New York Gov. Cuomo: Empty offices should become housing
Like many cities around the world, New York City has seen life drained from its commercial core, as offices have been left to sit nearly empty for months. These unoccupied offices raise a lot of questions about the future of work, the future of cities, and whether buildings built to hold offices will even make sense in a world so thoroughly upended by a pandemic. But they may also be offering some solutions.
Fast Company • January 13, 2021
Experts predict what the 2021 housing market will bring
Many experts are predicting another strong housing market in 2021. They are forecasting increased demand from buyers who delayed purchasing homes because of the pandemic, from existing homeowners who need larger spaces to accommodate parents working from home and children attending school virtually and from condo owners who are seeking to escape multifamily buildings for single-family houses to mitigate exposure to the virus.
The Washington Post • January 11, 2021
There's no end in sight to affordable housing crisis that makes it harder to recruit and retain workers
The decades-long affordable housing crisis is also a business crisis for many business leaders who continue to find it difficult—if not impossible—to recruit or retain workers who can’t or won’t pay steep home prices so they can live near their place of employment. And there are not many companies who can afford to launch housing initiatives similar to Amazon’s — or want to increase salaries so current or prospective employees can buy homes near their workplace.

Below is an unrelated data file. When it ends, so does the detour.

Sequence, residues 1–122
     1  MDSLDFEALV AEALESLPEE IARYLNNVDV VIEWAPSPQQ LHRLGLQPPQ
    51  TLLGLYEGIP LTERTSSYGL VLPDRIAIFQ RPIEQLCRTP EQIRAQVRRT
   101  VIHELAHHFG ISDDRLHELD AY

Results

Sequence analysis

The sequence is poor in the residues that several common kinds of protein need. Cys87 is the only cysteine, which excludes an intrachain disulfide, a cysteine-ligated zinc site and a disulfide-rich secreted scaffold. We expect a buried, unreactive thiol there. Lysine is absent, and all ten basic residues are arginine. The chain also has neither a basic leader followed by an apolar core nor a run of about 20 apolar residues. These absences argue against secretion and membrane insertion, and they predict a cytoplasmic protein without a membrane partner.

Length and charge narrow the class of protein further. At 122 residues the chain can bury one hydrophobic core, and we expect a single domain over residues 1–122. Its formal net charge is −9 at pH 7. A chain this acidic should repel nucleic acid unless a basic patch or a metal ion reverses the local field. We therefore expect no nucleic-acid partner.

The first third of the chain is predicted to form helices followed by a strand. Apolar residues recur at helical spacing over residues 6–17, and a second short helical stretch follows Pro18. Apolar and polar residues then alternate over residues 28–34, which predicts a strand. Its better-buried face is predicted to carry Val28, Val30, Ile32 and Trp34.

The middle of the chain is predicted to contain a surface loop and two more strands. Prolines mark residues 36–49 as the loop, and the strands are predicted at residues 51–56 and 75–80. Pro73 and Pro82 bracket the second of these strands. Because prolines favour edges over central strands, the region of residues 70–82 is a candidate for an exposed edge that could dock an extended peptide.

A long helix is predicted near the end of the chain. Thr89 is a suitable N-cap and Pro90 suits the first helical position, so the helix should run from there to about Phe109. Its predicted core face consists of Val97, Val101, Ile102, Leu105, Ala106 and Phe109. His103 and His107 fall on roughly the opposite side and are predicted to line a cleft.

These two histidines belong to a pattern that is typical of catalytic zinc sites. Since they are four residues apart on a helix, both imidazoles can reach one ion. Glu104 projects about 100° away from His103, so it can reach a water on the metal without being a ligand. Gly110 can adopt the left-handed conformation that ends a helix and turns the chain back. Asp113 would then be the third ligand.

Forbes • January 7, 2021
Biden's team explores ways to oust Fannie-Freddie regulator
President-elect Joe Biden’s team has held preliminary talks on how it could oust Fannie Mae and Freddie Mac’s regulator, said people familiar with the matter, a move that would let the new administration fill a post that’s crucial to the mortgage market and its goal of boosting affordable housing.
Bloomberg • January 11, 2021
As eviction ban stretches on, so does uncertainty and rent debt
Renters who have long lived on low incomes or who lost their jobs during the pandemic have found temporary relief by the third extension of the state eviction moratorium. But they are also staring down continually amassing debt, and homelessness providers and housing attorneys are scared that many of the estimated 175,000 people behind on rent in Washington state will be part of what some predict will be a “tsunami” of evictions once federal, state and local eviction bans disappear.
The Seattle Times • January 11, 2021